2. Tommy says:

    The Tandy WP-2 looked much the same, only black, with an 80 column screen and dedicated to word processing. It’s screen wasn’t back-lit, but was highly reflective with a greenish hue.

  3. Rob Beschizza says:

    Clapham wood. Just off the road to Arundel, as I recall. I think it might have been stripped pretty bad in the 87 storm.

  4. hohum says:

    Ooo I still have one of those TRS-80 100s! The left shift key is missing and one line on the display is dead but other than that it still runs golden!

  5. Anonymous says:

    Why the pig was in the park:

    Pannage is an English legal term for the practice of turning out domestic pigs in a wood or forest, in order that they may feed on fallen acorns or beechmast…”

  6. homodachi says:

    Lovely. Thanks Rob.

  7. holtt says:

    I’d say when you came across the berried copse (or buried corpse as we say in the US) that should have been a big clue…

  8. stabthecatt says:

    I spent a good proportion of my childhood in those woods. Near patching, not too far from Warning Camp?

    I’ll have to ask a friend who still lives in that area about this.

  9. Teresa Nielsen Hayden / Moderator says:

    I know that strange moment, because I periodically get it in NYC. It’s when you find yourself in the middle of a short story whose beginning and end are unknowable, and whose implications are potentially disturbing.

    One of my favorites was a moment seen in passing as I drove by. It was morning rush hour, on what was then a quietly seedy semi-industrial side-street in the Flatiron District.

    A serious-looking little cluster of people in business attire — both genders, all ages — were standing out on the sidewalk curb in front of a office building. They were silently staring up the one-way street in the direction I’d come from, obviously waiting for something to arrive; and every one of them was holding a big can of spraypaint, lids off, with their fingers already on the buttons.

    I will never know what was going on there.

    By the way: what became of the pig?

  10. technogeek says:

    Reminds me of the recent discovery of a piano in the woods here in Massachusetts.

    In perfectly reasonable condition.

    With bench.

    I’m attributing it to quantum teleportation.

  11. Jack says:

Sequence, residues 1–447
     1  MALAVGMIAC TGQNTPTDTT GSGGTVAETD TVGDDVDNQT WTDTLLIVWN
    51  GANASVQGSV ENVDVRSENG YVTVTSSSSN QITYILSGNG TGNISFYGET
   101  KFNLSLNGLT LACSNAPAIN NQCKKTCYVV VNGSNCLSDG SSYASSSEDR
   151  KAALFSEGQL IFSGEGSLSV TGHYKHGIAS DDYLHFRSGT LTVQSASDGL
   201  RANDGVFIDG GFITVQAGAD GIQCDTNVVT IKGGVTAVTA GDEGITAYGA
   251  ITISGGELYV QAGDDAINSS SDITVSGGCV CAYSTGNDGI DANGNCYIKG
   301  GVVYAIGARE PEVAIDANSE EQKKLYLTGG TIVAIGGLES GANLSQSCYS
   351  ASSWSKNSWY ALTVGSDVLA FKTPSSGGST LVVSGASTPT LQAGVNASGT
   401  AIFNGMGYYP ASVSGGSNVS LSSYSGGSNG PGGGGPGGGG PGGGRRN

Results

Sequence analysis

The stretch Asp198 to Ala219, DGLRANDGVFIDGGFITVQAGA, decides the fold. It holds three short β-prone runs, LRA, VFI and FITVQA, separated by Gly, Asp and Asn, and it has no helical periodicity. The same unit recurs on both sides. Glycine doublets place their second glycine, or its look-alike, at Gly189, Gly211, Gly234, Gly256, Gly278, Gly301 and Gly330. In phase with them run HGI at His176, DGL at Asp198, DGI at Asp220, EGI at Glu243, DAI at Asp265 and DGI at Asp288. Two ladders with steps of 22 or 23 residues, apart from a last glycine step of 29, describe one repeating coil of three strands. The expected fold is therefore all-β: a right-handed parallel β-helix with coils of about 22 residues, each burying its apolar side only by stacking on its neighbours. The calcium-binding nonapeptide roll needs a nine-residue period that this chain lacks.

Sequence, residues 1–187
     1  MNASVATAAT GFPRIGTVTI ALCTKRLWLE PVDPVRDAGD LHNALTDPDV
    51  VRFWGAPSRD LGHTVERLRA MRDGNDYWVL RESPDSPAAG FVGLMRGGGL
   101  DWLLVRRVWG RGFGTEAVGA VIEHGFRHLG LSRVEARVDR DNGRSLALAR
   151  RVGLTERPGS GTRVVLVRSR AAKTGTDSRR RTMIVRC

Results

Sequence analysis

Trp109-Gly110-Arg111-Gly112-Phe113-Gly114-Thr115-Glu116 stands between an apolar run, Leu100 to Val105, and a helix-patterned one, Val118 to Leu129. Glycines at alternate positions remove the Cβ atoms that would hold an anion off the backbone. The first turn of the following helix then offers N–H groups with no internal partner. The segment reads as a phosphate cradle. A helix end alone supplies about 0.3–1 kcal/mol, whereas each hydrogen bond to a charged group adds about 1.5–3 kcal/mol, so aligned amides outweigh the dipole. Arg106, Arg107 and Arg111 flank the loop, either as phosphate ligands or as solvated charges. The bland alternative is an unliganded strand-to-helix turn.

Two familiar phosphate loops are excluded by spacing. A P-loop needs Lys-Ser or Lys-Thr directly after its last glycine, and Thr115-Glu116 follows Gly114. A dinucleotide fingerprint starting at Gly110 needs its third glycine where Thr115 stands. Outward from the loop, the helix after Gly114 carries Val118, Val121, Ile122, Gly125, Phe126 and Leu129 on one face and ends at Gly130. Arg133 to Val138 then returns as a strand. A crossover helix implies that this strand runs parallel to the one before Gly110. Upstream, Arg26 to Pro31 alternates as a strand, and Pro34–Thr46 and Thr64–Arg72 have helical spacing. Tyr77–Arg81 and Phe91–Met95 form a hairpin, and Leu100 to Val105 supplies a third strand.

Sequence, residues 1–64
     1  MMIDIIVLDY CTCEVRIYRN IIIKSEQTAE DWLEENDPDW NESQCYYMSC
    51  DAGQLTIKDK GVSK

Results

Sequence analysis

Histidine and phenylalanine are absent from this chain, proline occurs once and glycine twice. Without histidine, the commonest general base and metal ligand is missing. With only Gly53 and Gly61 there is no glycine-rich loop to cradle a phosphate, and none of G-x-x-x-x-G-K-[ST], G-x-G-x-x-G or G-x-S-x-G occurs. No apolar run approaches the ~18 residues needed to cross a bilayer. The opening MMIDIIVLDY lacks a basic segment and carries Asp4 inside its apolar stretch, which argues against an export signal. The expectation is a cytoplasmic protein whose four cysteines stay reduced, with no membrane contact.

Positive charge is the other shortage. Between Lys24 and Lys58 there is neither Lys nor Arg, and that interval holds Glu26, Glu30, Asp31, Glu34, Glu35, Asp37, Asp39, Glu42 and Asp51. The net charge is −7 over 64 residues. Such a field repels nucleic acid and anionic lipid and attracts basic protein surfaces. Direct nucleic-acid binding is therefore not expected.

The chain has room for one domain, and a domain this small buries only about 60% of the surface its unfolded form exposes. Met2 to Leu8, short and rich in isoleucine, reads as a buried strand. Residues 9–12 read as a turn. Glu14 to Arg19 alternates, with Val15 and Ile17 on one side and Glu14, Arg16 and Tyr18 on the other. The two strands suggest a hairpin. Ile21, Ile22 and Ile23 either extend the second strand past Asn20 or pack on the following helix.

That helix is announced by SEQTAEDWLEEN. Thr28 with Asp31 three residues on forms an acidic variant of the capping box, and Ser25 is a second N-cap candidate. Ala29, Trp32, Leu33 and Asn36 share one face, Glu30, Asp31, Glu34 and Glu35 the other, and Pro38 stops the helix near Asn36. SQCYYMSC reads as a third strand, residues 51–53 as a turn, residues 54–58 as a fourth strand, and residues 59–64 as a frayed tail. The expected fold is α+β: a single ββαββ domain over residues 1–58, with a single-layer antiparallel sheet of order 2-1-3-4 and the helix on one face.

I think it says: “Pray … for … Mojo”

  12. Scuba SM says:

    See, all this can be easily attributable to the fact that the thieves weren’t carrying enough Feather potions. When they became overencumbered and could no longer move, they went through their inventory, and dropped the thing with the lowest price to weight ratio.

    Mystery solved.

  13. HeatherB says:

    Wonderful story. Hearing about your childhood is always great.

  14. Anonymous says:

    I think that this story is possibly one of the less odd things that happen in Worthing.

  15. Rob Beschizza says:

    I have no idea what became of the pig, but it’s the most distinctive memory I have of the scene — perhaps, like you suggest, because it was the most inexplicable!

  16. DeWynken says:

    Clearly apparent that the pig rode the motorcycle into the woods for a quiet place to code on his computer. Obviously he crashed (for pigs carrying 80s era laptops are prone to crashing whilst riding motorcycles in the woods) and lost his way. He realized he had to play dumb when he encountered you two, for pigs are smarter than we give them credit for.

  17. dculberson says:

    I picture the thieves saying “I am overburdened.”

    (Diablo II if you don’t get it.)

    Great story, though. What’s with BBG being even more awesome than usual today?!

  18. stabthecatt says:

    I grew up in Worthing, where about did this occur?

  19. Christopher Lotito says:

    “As for the pig, how it got there is anyone’s guess.”

    It walked.